Vancouver's restaurant booze bylaw gets bad reviews

Post by Mike Klassen in



This is a special cross-post editorial to

On Friday night my wife and I had a very rare evening to ourselves. Our immediate impulse was to visit one of the many fine, and affordable eateries not far from our Eastside digs over on Main street. It would be nice, we thought, to not spend much more than $100 on a nice meal with some wine, and Main Street now gives you plenty of choice.

For those who've not had the pleasure of strolling Main Street lately, it's really shaping up to be the most vibrant part of Vancouver. What a thrill it is to be walking this street on a warm summer evening, anywhere between Kingsway and 28th Avenue. For this we can thank the vision of the City's planning and engineering departments, Translink, and the clever ideas of my former VCPC colleague Frank Ducote who was a lead planner on the Main Street upgrades.

In part because of the improvements to the public realm, several compelling new restaurants have appeared in the neighbourhood. Our choice of Friday was Latitude, an urban-styled dining spot with a respectable wine menu featuring BC and international labels. The typical mark-up for alcohol in a restaurant like this is 100%, making something you might pay $18 for at retail, is now $36. Not everyone thinks it's fair, but not everyone knows the costs of running a restaurant. If you want something a little nicer, expect to pay well over 50 bucks a bottle.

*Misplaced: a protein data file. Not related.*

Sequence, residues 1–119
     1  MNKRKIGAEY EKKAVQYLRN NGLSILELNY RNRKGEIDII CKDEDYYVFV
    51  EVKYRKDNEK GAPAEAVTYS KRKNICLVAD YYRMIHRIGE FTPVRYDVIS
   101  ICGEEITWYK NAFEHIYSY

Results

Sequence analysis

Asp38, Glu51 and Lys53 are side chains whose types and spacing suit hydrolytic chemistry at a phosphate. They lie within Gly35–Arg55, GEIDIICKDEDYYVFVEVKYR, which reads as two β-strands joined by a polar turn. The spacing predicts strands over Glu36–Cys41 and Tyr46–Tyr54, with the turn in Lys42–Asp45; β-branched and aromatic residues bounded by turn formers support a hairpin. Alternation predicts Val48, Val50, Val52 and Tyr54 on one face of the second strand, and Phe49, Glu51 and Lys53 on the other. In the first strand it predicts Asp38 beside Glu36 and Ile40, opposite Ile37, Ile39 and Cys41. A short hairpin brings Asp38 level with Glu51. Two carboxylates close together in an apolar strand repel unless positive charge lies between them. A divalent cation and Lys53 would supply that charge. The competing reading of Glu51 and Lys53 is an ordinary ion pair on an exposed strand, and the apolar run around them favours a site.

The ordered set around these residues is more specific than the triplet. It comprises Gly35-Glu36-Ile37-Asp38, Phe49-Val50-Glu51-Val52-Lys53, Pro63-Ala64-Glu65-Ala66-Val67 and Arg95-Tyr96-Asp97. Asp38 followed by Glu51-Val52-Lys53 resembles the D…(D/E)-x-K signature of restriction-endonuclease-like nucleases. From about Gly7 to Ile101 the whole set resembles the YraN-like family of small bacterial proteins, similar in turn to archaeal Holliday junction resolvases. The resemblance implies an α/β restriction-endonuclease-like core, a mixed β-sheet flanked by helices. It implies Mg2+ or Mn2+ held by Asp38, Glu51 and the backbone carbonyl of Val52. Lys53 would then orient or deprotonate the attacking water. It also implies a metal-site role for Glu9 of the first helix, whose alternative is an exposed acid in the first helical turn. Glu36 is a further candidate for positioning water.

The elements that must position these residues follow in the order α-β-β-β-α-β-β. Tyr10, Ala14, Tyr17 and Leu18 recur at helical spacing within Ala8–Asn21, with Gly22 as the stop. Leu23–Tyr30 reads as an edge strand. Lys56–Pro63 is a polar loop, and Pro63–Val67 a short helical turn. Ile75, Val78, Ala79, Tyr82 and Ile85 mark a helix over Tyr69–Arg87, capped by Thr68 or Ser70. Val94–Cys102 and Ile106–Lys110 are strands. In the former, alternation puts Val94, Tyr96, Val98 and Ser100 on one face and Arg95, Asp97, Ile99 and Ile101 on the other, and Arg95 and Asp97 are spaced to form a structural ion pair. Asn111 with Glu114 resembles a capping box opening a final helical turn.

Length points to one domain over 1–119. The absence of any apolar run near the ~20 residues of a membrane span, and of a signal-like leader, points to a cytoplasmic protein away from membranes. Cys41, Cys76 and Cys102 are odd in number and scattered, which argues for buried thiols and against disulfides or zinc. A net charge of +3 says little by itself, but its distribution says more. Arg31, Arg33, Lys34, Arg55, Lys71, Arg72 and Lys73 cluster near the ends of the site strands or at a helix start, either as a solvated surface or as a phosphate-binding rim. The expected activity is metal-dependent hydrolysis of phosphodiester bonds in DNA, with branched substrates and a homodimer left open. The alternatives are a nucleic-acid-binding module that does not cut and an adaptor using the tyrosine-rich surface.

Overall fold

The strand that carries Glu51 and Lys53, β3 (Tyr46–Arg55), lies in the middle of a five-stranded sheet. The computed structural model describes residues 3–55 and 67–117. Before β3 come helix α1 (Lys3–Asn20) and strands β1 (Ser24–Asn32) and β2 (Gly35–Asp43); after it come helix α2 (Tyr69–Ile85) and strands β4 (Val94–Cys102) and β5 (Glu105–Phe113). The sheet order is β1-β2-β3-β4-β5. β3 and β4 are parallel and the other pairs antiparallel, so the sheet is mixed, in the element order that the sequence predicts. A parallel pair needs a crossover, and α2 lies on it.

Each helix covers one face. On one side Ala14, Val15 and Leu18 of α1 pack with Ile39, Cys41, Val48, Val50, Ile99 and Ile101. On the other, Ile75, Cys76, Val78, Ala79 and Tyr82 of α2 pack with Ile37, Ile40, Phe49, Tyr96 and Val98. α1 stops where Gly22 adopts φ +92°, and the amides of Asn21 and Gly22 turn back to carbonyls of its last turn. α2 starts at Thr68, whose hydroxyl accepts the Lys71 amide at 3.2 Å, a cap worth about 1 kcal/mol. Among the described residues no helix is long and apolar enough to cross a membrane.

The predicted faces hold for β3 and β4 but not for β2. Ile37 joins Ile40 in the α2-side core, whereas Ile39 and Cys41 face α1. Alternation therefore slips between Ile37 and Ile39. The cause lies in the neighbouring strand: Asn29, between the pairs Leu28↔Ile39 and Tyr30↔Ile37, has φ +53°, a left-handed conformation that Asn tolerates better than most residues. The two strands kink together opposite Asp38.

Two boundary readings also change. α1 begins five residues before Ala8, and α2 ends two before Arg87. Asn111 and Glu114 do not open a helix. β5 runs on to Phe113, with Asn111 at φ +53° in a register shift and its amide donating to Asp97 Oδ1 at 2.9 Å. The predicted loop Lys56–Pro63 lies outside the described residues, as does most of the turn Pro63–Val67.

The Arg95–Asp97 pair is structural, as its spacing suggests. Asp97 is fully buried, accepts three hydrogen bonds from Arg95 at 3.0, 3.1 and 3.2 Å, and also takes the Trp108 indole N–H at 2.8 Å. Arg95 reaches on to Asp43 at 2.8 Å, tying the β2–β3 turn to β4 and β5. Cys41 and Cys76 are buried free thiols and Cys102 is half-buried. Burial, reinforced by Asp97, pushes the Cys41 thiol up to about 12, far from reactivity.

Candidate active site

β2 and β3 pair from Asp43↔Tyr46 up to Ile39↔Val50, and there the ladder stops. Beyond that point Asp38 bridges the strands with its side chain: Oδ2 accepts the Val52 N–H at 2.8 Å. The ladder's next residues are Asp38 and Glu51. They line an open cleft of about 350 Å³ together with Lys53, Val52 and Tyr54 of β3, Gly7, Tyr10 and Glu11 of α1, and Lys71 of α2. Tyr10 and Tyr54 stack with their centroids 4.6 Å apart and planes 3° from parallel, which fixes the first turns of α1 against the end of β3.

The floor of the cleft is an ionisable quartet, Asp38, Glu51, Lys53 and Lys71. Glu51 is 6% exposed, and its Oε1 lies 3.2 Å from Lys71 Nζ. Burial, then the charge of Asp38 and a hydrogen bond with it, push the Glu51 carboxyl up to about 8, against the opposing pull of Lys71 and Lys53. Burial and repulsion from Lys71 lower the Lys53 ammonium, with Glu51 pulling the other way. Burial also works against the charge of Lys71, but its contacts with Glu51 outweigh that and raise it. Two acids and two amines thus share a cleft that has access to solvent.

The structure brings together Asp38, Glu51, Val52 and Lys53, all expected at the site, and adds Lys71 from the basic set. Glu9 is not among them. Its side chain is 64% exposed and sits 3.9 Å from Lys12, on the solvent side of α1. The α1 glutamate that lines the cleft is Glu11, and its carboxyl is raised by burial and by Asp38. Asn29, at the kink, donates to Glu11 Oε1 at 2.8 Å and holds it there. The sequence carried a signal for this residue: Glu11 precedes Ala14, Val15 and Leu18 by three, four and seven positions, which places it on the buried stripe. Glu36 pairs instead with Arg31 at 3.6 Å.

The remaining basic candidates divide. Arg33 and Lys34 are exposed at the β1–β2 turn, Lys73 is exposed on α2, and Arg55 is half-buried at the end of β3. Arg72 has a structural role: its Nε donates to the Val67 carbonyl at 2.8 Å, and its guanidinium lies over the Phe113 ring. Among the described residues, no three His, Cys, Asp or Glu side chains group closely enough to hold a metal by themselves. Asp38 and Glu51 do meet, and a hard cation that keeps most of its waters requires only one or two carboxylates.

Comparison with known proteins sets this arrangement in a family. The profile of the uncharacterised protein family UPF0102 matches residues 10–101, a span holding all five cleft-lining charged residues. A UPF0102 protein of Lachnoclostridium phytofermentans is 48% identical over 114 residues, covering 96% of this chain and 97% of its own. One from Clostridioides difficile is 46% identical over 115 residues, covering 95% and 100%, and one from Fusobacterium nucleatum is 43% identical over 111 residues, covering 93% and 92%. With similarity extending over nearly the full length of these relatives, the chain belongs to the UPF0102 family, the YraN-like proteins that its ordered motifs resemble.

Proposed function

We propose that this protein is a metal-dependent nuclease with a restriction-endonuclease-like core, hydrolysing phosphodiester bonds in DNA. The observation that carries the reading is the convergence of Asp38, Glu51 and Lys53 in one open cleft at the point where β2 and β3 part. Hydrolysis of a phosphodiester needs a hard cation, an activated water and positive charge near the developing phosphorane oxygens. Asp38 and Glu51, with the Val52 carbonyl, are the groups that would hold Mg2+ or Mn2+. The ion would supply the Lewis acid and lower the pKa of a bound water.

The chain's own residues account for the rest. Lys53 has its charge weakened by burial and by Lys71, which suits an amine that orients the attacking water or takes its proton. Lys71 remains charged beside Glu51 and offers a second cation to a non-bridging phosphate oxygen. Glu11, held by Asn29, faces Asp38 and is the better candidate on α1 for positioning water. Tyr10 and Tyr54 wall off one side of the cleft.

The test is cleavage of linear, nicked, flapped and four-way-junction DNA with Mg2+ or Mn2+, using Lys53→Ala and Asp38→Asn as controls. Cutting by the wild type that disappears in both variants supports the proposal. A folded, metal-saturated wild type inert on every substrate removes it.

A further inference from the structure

Our wine choice pairing for a delicious paella and a beet salad starter was a 2008 Orofino Gewürztraminer, which we knew would be light, crisp with apple and pear notes, and a light acidity that would complement the dishes. It was the perfect fit both for our meal, and at $34/bottle it was within our budget.

As it turns out, had we been in the mood for a red that evening or wanting to spend a little more on wine, we could be breaking Vancouver's so-called 50/50 bylaw that takes effect January 1st, which requires that patrons spend not a penny more on alcohol than they do on food.

Credit goes to the Vancouver Sun's Gordon Hamilton, who first broke this story last week. The city and Councillor Raymond Louie, who has decided to own this issue on behalf of council, formed a quick response and stated they would give the new bylaw a "second look."

Local restaurant owners are trying to band together to fight what some have accused as a well-funded and organized lobby by the liquor primary license (aka bar) owners. While it is indeed true that the city's bar and nightclub owners heavily supported the campaigns of the NPA and Vision Vancouver during past elections, there's no clear evidence to suggest it was an influence on this bylaw. Many restaurant owners are skeptical though.